The normal technique is by using a feature of the virtual memmory manager present in most modern cpus.
The way that piece of hardware works is that it keeps a list of fragments of memory in a cache, and a list of the addresses to which they correspond. When a program tries to read some memory that is not present in that cache, the MMU doesn't just go and fetch the memory from main ram, because the addresses in the cacher are only 'logical' addresses. Instead, it invokes another program that will interpret the address and fetch that memory from wherever it should be.
That program, called a pager, is supplied by the kernel, and special flags in the MMU prevent that program from being overridden.
If that program determines that the address corresponds to memory the process should get to use, it supplies the MMU with the physical address in main memory that corresponds to the logical address the user program asked for, the MMU fetches it into its cache, and resumes running the user program.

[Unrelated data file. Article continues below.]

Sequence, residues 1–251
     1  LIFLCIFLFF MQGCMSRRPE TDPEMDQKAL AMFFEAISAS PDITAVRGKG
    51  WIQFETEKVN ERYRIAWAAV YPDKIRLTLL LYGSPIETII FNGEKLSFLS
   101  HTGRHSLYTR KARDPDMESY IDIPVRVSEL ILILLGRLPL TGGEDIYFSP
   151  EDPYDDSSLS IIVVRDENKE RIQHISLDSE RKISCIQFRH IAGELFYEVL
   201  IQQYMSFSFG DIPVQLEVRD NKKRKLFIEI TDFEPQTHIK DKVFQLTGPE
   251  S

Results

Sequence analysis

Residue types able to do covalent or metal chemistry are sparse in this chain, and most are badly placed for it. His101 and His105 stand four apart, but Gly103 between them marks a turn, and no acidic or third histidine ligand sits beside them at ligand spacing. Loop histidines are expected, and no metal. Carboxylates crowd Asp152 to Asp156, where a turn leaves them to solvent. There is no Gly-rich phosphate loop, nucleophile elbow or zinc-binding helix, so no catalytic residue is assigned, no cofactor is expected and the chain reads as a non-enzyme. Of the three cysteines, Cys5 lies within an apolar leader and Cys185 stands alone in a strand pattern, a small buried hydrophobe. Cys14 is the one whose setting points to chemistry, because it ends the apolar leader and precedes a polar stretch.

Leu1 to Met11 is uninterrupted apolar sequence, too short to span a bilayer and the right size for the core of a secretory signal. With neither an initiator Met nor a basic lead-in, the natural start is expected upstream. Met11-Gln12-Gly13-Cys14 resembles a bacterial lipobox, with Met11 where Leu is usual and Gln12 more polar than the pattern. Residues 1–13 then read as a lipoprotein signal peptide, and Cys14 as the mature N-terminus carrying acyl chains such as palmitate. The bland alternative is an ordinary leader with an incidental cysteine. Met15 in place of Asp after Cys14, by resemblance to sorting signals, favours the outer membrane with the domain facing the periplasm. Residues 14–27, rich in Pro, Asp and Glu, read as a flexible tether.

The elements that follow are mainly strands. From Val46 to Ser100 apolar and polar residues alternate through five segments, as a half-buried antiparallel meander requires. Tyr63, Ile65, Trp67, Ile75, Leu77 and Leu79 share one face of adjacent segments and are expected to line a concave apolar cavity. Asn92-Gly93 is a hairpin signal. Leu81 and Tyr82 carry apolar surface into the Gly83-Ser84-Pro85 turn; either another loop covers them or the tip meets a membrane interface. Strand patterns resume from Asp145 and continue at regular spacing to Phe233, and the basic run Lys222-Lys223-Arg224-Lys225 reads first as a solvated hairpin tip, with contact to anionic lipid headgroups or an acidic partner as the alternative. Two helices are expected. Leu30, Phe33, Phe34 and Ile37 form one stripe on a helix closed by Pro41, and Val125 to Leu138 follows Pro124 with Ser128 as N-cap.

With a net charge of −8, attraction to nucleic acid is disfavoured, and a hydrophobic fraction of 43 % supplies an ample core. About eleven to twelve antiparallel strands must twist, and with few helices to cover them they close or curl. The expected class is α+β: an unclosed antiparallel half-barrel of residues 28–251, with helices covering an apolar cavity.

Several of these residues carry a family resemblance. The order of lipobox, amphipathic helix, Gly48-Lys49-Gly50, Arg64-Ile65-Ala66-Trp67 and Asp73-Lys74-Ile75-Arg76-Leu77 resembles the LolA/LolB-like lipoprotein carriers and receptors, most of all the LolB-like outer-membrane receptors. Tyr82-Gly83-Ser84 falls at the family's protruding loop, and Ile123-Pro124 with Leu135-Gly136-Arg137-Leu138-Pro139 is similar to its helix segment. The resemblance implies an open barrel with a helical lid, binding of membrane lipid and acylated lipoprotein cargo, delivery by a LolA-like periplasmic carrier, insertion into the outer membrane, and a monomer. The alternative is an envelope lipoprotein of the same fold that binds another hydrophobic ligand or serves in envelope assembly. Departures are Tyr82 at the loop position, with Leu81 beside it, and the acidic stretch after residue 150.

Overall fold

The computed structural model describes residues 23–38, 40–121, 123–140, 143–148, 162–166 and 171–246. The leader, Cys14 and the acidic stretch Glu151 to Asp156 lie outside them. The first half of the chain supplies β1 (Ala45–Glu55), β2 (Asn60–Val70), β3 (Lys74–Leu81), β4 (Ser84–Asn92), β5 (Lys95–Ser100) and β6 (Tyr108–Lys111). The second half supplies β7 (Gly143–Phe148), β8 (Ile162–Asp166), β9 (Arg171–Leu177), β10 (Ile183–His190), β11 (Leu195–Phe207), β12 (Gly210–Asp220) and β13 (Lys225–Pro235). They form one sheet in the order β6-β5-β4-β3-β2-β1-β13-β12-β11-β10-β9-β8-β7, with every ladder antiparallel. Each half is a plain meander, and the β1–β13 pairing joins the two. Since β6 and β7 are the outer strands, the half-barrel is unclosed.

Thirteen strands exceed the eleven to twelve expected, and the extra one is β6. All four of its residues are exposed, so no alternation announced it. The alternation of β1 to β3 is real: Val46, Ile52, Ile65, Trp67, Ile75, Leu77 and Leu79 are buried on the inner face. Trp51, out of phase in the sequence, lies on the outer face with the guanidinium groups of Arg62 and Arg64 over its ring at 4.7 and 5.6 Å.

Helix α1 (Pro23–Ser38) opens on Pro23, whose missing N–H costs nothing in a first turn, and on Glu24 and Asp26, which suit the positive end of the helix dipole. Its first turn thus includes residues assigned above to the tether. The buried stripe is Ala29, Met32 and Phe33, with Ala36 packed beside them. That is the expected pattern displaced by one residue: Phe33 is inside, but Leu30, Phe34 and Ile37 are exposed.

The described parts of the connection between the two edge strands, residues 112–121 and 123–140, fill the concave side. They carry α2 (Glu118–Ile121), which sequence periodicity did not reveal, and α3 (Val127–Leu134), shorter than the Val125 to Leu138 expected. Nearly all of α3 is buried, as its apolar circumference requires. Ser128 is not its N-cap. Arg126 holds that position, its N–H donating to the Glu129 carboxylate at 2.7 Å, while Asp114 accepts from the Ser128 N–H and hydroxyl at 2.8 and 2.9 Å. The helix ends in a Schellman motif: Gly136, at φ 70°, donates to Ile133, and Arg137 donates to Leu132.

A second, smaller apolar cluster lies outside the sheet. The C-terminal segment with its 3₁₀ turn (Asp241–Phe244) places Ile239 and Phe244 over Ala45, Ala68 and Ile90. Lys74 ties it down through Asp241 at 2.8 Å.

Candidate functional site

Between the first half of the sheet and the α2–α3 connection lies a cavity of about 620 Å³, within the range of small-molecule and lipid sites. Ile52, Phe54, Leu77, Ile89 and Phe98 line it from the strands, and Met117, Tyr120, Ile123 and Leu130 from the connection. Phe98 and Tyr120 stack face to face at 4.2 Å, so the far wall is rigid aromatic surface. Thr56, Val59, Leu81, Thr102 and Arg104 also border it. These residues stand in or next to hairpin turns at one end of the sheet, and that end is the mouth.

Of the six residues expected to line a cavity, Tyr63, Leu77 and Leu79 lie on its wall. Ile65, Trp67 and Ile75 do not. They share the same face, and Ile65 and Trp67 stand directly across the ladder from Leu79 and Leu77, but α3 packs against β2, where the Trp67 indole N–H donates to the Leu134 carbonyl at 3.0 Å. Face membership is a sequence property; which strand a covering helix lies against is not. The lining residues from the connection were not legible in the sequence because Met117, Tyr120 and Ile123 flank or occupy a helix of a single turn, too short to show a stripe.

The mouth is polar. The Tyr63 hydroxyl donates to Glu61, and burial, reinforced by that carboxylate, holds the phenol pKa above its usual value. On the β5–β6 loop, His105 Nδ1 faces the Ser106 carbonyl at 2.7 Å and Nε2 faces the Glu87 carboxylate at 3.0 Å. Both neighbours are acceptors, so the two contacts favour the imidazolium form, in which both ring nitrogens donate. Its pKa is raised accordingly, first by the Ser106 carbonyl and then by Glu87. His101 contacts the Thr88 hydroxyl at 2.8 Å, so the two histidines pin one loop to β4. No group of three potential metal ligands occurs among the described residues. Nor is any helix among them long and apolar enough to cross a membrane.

If that address is a 'special' address, like for a memory mapped file, then the kernel fetches the corresponding part of the file into the cache and lets the program run along with that.
If the address is in the range that belongs to the kernel, or that the program hasn't allocated that address to itself yet, the pager raises a SEGFAULT, killing the program.
Because the addresses are logical addresses, not physical addresses, different user programs may use the same logical addresses to mean different physical addresses, the kernel pager program and the MMU make this all transparent and automatic.
This level of protection is not available on older CPU's (like 80286 cpus) and some very low power devices (like ARM CortexM3 or Attiny CPUs) because there is no MMU, all addresses on these systems are physical addresses, with a 1 to 1 correspondence between ram and address space